FIG. Nos. 1-4 show how the composite article of the present invention may be used to form a larger unitary article which can be bonded to the exterior surface of the roof of a motor vehicle.
FIG. 1 shows that two pieces of the composite article of the present invention are placed together with their respective plastic films 1 touching and facing one another. These two pieces are then stitched together along line A at a sufficient distance from their edge, for example, about one-half inch. Each portion is folded back in the direction indicated by the arrows so that the unitary article has the configuration depicted in FIG. 2.
The article depicted in FIG. 3 is then heat bonded to an appropriate sealing tape 7 (for example, a polyester sealing tape) at the small portion of the heat bondable plastic film 1 that originally lay adjacent the stitch line A, as depicted in FIG. 2. The heat sealing is preferably carried out using a dielectric sealing apparatus which generates sufficient heat to bond sealing tape 7 to plastic film 1 and to melt the adhesive 4 and release liner 5 which are in two facing layers in area B, as depicted in FIG. 4, so that they flow into the facing backing portions 2. Generally, temperatures of about 185°-210° F. (85°-98.9° C.) are sufficient to accomplish this result if a vinyl chloride polymer film is used. The presence of sealing tape 7 aids in the prevention of water seepage through the butt joint between the two original composite articles if the unitary article is employed in exterior uses, e.g., as the exterior roofing material for a motor vehicle.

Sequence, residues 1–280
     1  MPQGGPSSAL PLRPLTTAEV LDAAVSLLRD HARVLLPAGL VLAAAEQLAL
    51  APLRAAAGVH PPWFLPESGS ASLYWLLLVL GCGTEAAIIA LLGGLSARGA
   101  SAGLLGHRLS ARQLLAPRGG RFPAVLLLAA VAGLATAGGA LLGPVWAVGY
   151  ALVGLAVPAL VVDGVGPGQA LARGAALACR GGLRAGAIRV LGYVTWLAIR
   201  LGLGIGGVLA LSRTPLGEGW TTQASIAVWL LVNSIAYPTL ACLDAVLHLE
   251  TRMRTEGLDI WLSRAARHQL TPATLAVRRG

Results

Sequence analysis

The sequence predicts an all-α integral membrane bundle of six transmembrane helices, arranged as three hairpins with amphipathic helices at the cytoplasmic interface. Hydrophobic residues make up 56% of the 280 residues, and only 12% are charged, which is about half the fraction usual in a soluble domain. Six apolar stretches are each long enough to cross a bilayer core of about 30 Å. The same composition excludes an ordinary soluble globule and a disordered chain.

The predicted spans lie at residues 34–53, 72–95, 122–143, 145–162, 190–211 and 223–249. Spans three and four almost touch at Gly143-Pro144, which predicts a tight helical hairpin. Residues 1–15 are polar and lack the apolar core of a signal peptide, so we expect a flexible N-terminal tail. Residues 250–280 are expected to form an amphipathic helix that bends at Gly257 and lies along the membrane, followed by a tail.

FIG. 4 illustrates the removal of the remaining portions of release liner 5 to expose the pressure sensitive adhesive layer 4. In the removal operation release liner (5) separates from itself at point D where it is imbedded, along with adhesive (4), into backing (2) as a result of the dielectric sealing step. The unitary article can then be bonded to a desired substrate 9, e.g., the exterior roof of a motor vehicle, by use of pressure alone.
The Examples which follow illustrate some preferred embodiments of the present invention.
This Example illustrates how one preferred composite article in accordance with the present invention was made.
The first step in forming the desired product was calendering at a temperature of about 335° C. a film formulation containing the following ingredients to a thickness of about 14.5 mils (0.36 mm.):
______________________________________Ingredient Percent by Weight______________________________________Polyvinyl chloride Homopolymer Resin 47.745Calcium carbonate filler 14.328Normal alkyl phthalate plasticizer 31.194Fungicide/Plasticizer-Stabilizer 1.197Epoxidized Soya Oil 2.385Colloidal Silica 0.477Heat stabilizer (Metallic soap) 0.100Pigment 1.197Liquid Phosphite Stabilizer 0.477______________________________________
To the calendered film was then applied via a roller knife technique, a polymeric solution topcoat at a rate of 0.105 lbs/yd2 (0.57 kg/m2). The volatile solvent in the topcoat solution was flashed off in a drying oven at a temperature of about 160° F. (71.1° C.) and recovered without release to the environment. The following ingredients formed the topcoat:
______________________________________Ingredient Percent by Weight______________________________________Methyl ethyl ketone 89.11PVC Homopolymer Resin 7.61Acrylic Resin 2.70Colloidal Silica 0.58______________________________________